How do we 'fit' this into the traditional picture of people existing forever and forever in torment? If hell's residents are as yet CONSCIOUS, how does this square with them being burnt like dry stubble, 'dashed to pieces', utterly consumed by a raging fire, etc.? How, in a word, could one say that they have been destroyed?

Before moving on to the theological arguments, here's a quote by a proponent of the view, P. Hughes:

"It would be hard to imagine a concept more confusing than that of death which means existing endlessly without the power to die" (True Image).

2. Theological Arguments

These are, as I gather, threefold: a) Immortality and incorruption are only for the righteous, b) God's final and ultimate victory and c) The model of Sodom & Gomorrah.

a) Immortality and incorruption are only for the righteous.

The key verse is 1Cor 15:52,

"...For the trumpet will sound, the dead will be raised imperishable, and we will be changed. For the perishable must clothe itself with the imperishable, and the mortal with immortality. When the perishable has been clothed with the imperishable, and the mortal with immortality, THEN the saying that is written will come true: 'Death has been swallowed up in victory.'"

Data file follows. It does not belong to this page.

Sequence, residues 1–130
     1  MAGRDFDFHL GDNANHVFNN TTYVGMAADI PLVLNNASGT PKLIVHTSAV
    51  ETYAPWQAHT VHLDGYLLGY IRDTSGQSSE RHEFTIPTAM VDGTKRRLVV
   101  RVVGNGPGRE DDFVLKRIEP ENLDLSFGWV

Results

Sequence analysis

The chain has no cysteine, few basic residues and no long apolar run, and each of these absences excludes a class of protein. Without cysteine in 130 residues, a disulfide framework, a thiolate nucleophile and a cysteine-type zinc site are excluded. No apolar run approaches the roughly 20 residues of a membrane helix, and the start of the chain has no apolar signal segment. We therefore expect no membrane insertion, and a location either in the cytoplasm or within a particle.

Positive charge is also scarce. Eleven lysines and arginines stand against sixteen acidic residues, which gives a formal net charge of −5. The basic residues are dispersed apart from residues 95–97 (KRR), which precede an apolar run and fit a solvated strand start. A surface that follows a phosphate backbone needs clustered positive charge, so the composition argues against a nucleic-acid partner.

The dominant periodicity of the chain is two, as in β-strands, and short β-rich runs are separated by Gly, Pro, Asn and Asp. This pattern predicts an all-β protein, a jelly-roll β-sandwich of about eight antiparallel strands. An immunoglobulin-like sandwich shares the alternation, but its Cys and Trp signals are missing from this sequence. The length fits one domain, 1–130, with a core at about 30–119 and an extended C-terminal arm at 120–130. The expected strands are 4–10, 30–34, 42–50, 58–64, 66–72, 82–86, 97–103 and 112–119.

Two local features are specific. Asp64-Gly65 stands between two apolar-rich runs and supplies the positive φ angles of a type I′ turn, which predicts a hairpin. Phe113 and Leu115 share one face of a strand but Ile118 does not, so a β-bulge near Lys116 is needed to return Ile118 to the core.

Notice we (the saved!) are required to 'put on' immortality and imperishability, a situation co-terminous with the final victory of God.

Also, only God is immortal by nature (1Tim 6:16), believers are given the gift of eternal life i.e. we do not inherently possess immortality. Expounding a little on an argument from Genesis, G.Boyd writes:

"(The Genesis account of the Fall arguably) teaches that Adam & Eve were expelled from the garden precisely so that they would not eat from 'the tree of life' and become immortal, like God [Gen 3:22]. They had been warned that disobedience would result in death. Not coincidentally, one of the privileges the citizens of the future kingdom of God are given is the 'right to the tree of life' that our original parents surrendered [Rev 22:14]." (Satan & the Problem of Evil, Boyd) (emphasis mine)

This, however, does not imply that the soul will cease to exist upon physical death, or at least not necessarily so. 'Conditional' immortality, as I understand it, can refer to the conditional endurance of the soul forever, not the short-term disembodied lingering whilst awaiting judgment.

b) God's final and ultimate victory

Annihilationists see as incompatible the idea of God being 'all in all' (1Cor 15:28) and 'having His fullness fill everything in every way' (Eph 1:10) with the existence of God-hating souls existing forever and forever (albeit away from Him).